I agree about adding more Congos and cories. I would get 4-5 more of the Julii. Cories are so much more fun to watch when they're in a big group of the same species and you may see some spawning activity. I have Pearl gouramis (1 male, 1 female) in with my Congos and they get along fine. I don't think I'd try Tiger Barbs or the Buenos Aires tetra with the Congos though because of their fin nipping reputation and the Congos have those long, beautiful fins.
You said your PH is 7 (neutral) and hard. Do you know what the GH and KH is?
Sounds like it will be a nice tank. Would love to see pics once you have it up and running.
ok GH looks like 11
KH is 5
when i started the tanks i was using very soft water. as an experiment i started using hard tap water. I noticed an immediate improvement in the rainbows and corys behavior. they became very active and the corys displayed spawning behavior. so thats all i use now.
the tank with the sword has a mixed substrate of flourite and eco-complete so i thought i wouldnt have to add fert for the gravel. there is another plant with mass root system that is slowly taking over the tank. the sword was doing well at one point it just seemed to stop growing. although it is a live bearer tank and they are kinda hard on the plants.
my anubia is attached to driftwood and rocks. my java fern is on a cocconut shell and i seeded some onto a ceramic hollow log. I did my homework there.
its funny every time i see the boosemani in a fish store i am always disappointed in their color. they have just a little blue with no yellow color at all, so i always get something else. that and they are kinda pricey.....
are gouramis easy to sex? i would think a pair of them would be able to find a spot in the tank. it is 6' long. but ill have to ask around.
for the bottom i just have the 9 cories and however many bristle noses i decide to add. one tank has 2 the other has 4.
it was my understanding that 2 clown fish would not be enough, did i miss something?
Meeting the water needs of the fish you house can REALLY make a super big difference, so I'm glad you found your way there :-)
That's very odd there on the Sword, not growing/ dieing can either be no/low ferts, which it then wouldn't be in your case or lights: lights that are high in reds and too little blue's, not a full spectrum? Way too much or wayy too lil wattage as a total (far up/down of 1 wpg)?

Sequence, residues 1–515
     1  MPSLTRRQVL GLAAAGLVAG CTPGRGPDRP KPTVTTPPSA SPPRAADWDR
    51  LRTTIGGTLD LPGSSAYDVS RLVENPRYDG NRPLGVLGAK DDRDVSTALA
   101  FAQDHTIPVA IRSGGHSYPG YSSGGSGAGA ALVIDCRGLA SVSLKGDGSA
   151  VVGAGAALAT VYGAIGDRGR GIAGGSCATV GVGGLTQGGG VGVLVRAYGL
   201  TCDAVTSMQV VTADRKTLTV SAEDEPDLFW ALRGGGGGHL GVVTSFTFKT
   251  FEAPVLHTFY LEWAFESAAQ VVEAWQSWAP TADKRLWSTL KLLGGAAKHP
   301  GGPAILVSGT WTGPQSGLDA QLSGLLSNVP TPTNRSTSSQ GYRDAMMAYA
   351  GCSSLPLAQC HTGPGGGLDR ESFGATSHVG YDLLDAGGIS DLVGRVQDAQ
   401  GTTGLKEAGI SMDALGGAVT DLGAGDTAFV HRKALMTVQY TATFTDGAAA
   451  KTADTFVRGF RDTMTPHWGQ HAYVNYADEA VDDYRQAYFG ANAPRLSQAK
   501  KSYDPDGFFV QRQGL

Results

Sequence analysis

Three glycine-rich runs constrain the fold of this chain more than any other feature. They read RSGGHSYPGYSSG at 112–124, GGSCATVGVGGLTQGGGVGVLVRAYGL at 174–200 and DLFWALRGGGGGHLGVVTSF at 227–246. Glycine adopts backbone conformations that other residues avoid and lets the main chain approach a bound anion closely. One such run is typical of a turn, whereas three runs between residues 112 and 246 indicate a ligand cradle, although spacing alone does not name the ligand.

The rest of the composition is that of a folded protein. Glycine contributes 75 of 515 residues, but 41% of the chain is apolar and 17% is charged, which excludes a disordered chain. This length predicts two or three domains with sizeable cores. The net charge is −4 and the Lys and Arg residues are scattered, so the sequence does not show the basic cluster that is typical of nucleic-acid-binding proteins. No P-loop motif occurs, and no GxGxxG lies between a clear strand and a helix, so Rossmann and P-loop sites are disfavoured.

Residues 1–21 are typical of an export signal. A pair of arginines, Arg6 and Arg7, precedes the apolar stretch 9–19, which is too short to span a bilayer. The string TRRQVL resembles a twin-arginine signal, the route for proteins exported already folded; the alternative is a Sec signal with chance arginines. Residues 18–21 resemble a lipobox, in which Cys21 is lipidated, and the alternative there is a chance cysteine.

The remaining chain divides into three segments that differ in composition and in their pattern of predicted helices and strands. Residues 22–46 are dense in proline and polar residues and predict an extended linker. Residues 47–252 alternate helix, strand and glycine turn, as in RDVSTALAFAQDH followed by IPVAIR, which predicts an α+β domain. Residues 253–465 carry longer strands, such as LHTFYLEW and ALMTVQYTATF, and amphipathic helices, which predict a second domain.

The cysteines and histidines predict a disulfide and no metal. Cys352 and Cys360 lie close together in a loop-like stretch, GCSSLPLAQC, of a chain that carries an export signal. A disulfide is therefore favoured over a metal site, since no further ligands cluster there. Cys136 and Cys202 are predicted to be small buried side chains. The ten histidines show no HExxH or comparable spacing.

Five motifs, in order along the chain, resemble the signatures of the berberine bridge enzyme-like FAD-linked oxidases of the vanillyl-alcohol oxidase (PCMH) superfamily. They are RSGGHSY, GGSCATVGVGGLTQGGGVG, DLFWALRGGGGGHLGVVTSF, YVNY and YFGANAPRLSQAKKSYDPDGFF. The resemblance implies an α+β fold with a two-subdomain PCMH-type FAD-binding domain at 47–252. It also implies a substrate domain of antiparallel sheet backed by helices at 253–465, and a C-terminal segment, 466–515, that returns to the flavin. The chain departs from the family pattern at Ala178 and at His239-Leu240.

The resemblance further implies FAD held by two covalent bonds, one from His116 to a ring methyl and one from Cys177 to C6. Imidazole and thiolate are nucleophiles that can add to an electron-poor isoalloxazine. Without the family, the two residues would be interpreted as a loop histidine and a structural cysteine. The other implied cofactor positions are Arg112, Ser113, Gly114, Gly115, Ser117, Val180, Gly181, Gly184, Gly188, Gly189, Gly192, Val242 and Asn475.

Uh that sounds like a nice set up for the other plants there - Do you have a chance of pictures there for us? :-) *Pretty please*
For setting up your new tank, I'd strongly suggest to safe the $ on the flourite, just use fine gravel and if you wanna try Swords again just get plant sticks to be added only for them (from Nutrafin, API etc).
My Boeseman's looks VERY dull when I got them, but some good water, good foods...you see their colors in the pictures....
Your LFS store should be well able to sex you a pair of them - Which one's you wanna get?
Considering a Clowns size of 16-17" (as adult) is why I said i'd not get more, cause all your Bristle Noses and Cory will need some room too, adding like 5-6 Clown's to that would overcrowd the bottom IMO - BUt its your tank not mine :-)
your bosemans look awesome. maybe ill give them a shot.
what do you feed your to get the color?
the flourite comes with the 180 tank. just not sure if it may be too sharp for the cories. right now the cories have flourite sand.
about when i switched to hard water was when my sword went downhill. i also had a red leafed plant, the same one in your pics that just lost the will to live. its too bad cause it was a cool looking plant, it kept sending big leafs to the surface.
I plan on taking all my plants from my 55g and planting them in my 180, and see how things go.
the 180 has 4 VHO bulbs. not really sure how well those will work for the plants. but i have many flourescent fixtures i could install in the canopy if i wanted to.
ill have to look into the gouramis more. i have enough stock to get the 180 running anyway.
Young Boesemani can be kind of drab looking. But trust me, they turn into a gorgeous fish. Here's a couple pics of mine:
Gouramis are fairly easy to sex unless they're very young. Typically the male has a longer and more pointed dorsal fin. The female's is shorter and more rounded.